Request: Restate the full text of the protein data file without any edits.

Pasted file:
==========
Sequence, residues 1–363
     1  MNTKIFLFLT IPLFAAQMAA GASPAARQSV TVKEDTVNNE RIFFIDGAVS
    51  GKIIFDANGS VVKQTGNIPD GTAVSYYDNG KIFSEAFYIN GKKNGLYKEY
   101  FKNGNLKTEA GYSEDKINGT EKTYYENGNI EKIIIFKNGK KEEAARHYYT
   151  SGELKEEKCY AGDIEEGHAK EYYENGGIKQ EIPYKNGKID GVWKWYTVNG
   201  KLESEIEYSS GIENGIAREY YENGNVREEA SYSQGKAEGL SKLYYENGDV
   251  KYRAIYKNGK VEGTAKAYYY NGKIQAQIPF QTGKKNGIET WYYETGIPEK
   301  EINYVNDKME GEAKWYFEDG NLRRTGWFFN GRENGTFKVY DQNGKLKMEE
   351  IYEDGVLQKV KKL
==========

Sequence, residues 1–363
     1  MNTKIFLFLT IPLFAAQMAA GASPAARQSV TVKEDTVNNE RIFFIDGAVS
    51  GKIIFDANGS VVKQTGNIPD GTAVSYYDNG KIFSEAFYIN GKKNGLYKEY
   101  FKNGNLKTEA GYSEDKINGT EKTYYENGNI EKIIIFKNGK KEEAARHYYT
   151  SGELKEEKCY AGDIEEGHAK EYYENGGIKQ EIPYKNGKID GVWKWYTVNG
   201  KLESEIEYSS GIENGIAREY YENGNVREEA SYSQGKAEGL SKLYYENGDV
   251  KYRAIYKNGK VEGTAKAYYY NGKIQAQIPF QTGKKNGIET WYYETGIPEK
   301  EINYVNDKME GEAKWYFEDG NLRRTGWFFN GRENGTFKVY DQNGKLKMEE
   351  IYEDGVLQKV KKL